 the fourth quarter tends to be the lowest quarter
in terms of sales.
or duplicated, or posted to a publicly accessible website, in whole or in part.
Slide 21
Seasonality without Trend

We will treat the season as a categorical variable.

Recall that when a categorical variable has k levels,
k – 1 dummy variables are required.

If there are four seasons, we need three dummy
variables.
 Qtr1 = 1 if Quarter 1, 0 otherwise
 Qtr2 = 1 if Quarter 2, 0 otherwise
 Qtr3 = 1 if Quarter 3, 0 otherwise
or duplicated, or posted to a publicly accessible website, in whole or in part.
Slide 22
Seasonality without Trend

General Form of the Equation is:
Ft  b0  b1 (Qtr 1t )  b2 (Qtr 2t )  b3 (Qtr 3t )

Optimal Model is:
Salest  95.0  29.0(Qtr1t )  57.0(Qtr 2t )  26.0(Qtr 3t )

The forecasts of quarterly sales in year 6 are:
 Quarter 1: Sales = 95 + 29(1) + 57(0) + 26(0) =
 Quarter 2: Sales = 95 + 29(0) + 57(1) + 26(0) =
 Quarter 3: Sales = 95 + 29(0) + 57(0) + 26(1) =
 Quarter 4: Sales = 95 + 29(0) + 57(0) + 26(0) =
or duplicated, or posted to a publicly accessible website, in whole or in part.
124
152
121
95
Slide 23
Seasonality without Trend

Model Formulation
Min { (125  F1 ) 2  (153  F2 ) 2  (106  F3 ) 2 
 (96  F20 ) 2 }
s.t.
F1  b0  1b1  0b2  0b3
F2  b0  0b1  1b2  0b3
F3  b0  0b1  0b2  1b3
F4  b0  0b1  0b2  0b3


F19  b0  0b1  0b2  1b3
F20  b0  0b1  0b2  0b3
or duplicated, or posted to a publicly accessible website, in whole or in part.
Slide 24
Seasonality and Trend

We will now extend the curve-fitting approach to
include situations where the time series contains both
a seasonal effect and a linear trend.

We will introduce an additional variable to represent
time.
or duplicated, or posted to a publicly accessible website, in whole or in part.
Slide 25
Seasonality and Trend

Example: Terry’s Tie Shop
Business at Terry's Tie Shop can be viewed as
falling into three distinct seasons: (1) Christmas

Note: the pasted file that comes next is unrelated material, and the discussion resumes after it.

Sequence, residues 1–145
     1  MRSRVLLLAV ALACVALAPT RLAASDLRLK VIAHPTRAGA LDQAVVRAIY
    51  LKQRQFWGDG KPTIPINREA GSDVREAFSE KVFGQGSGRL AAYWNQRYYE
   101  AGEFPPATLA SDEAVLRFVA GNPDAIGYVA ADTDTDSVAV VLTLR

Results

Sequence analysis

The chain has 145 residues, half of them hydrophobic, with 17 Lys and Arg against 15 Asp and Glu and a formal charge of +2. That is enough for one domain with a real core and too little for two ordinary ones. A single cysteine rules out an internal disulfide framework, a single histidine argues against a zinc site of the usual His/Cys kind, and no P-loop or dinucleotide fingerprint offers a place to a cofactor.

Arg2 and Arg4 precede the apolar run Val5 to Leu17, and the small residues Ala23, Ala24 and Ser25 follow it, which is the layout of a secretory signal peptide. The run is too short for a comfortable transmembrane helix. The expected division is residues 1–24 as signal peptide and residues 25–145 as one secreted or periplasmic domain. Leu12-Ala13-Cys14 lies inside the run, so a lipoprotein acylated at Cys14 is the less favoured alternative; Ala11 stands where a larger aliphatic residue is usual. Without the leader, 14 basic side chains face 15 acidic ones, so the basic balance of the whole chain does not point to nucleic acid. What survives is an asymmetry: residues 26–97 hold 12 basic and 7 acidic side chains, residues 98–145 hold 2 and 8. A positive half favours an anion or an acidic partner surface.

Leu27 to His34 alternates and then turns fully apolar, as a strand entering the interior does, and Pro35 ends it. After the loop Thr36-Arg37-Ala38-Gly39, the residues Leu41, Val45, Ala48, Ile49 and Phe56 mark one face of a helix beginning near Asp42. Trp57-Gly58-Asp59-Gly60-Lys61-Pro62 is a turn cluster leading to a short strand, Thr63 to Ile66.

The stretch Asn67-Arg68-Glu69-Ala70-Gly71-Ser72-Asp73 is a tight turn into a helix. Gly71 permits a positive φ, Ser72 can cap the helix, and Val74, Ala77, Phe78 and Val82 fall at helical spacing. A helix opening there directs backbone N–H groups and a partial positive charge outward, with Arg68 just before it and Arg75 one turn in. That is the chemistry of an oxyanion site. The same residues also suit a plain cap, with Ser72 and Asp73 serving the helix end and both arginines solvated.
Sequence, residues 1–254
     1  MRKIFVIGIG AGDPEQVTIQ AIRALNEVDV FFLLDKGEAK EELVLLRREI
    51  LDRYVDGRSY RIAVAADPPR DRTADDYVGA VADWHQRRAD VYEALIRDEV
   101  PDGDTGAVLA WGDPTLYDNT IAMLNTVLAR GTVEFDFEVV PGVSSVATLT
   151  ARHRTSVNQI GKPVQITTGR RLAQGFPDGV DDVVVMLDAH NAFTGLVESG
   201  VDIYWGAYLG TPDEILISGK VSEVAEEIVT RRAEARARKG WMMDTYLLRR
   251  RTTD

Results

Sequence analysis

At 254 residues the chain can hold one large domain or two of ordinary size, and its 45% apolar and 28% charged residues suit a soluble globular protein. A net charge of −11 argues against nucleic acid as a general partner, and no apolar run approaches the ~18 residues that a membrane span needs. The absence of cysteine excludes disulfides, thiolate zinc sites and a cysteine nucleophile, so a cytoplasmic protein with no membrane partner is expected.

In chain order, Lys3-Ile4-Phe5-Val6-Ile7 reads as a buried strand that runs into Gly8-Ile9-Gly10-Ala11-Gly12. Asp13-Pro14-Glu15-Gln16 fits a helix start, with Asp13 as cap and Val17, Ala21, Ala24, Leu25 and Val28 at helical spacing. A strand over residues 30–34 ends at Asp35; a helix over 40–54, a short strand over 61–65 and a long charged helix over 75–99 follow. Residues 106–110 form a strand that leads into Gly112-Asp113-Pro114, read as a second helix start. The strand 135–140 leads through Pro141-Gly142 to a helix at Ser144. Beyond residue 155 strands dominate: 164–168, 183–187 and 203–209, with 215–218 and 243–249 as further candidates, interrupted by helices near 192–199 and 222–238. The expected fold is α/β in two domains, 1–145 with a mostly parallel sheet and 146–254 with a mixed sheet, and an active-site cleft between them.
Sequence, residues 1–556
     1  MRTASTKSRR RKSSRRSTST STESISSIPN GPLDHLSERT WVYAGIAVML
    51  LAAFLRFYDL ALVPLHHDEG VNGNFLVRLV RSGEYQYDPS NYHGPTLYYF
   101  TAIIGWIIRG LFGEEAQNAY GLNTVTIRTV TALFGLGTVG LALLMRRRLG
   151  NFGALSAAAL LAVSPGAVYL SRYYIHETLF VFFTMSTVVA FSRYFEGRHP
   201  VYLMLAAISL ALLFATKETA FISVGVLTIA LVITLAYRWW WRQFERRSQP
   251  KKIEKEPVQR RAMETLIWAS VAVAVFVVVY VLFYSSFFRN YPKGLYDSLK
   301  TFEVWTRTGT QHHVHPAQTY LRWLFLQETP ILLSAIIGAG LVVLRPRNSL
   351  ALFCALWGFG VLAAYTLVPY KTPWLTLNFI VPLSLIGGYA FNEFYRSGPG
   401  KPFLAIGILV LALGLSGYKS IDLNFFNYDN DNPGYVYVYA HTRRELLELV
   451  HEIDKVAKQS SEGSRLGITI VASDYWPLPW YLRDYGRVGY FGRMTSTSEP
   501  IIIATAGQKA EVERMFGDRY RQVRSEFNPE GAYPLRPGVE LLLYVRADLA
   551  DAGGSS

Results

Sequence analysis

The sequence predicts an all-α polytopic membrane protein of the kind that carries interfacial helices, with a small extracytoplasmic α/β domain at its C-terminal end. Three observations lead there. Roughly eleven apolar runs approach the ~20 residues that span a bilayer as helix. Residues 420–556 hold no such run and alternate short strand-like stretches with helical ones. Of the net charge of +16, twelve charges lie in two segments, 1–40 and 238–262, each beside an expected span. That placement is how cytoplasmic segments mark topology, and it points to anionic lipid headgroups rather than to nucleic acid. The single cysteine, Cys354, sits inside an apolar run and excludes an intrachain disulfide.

(November and December); (2) Father's Day (late
May to mid June); and (3) all other times.
Average weekly sales (\$) during each of the
three seasons during the past four years are shown
on the next slide.
or duplicated, or posted to a publicly accessible website, in whole or in part.
Slide 26
Seasonality and Trend

Example: Terry’s Tie Shop
Year
1
2
3
4
Season
1
2
1856 2012
1995 2168
2241 2306
2280 2408
3
985
1072
1105
1120
Determine a forecast for the average weekly
sales in year 5 for each of the three seasons.
or duplicated, or posted to a publicly accessible website, in whole or in part.
Slide 27
Seasonality and Trend

There are three seasons, so we will need two dummy
variables.
 Seas1t = 1 if Season 1 in time period t, 0 otherwise
 Seas2t = 1 if Season 2 in time period t, 0 otherwise

General Form of the Equation is:
Ft  b0  b1 (Seas1t )  b2 (Seas2t )  b3 (t )
or duplicated, or posted to a publicly accessible website, in whole or in part.
Slide 28
Seasonality and Trend

Model Formulation
Min { (1856  F1 ) 2  (2012  F2 ) 2  (985  F3 ) 2 
 (1120  F12 ) 2 }
s.t.
F1  b0  1b1  0b2  b31
F2  b0  0b1  1b2  b3 2
F3  b0  0b1  0b2  b3 3


F10  b0  1b1  0b2  b310
F11  b0  0b1  1b2  b311
F11  b0  0b1  0b2  b312
or duplicated, or posted to a publicly accessible website, in whole or in part.
Slide 29
Seasonality and Trend

Optimal Model
Salest  797.0  1095.43(Seas1t )  1189.47(Seas2t )  36.47(t)

The forecasts of average weekly sales in the three
seasons of year 5 (time periods 13, 14, and 15) are:
Seas. 1: Sales13 = 797 + 1095.43(1) + 1189.47(0) + 36.47(13)
= 2366.5
Seas. 2: Sales14 = 797 + 1095.43(0) + 1189.47(1) + 36.47(14)
= 2497.0
Seas. 3: Sales15 = 797 + 1095.43(0) + 1189.47(0) + 36.47(15)
= 1344.0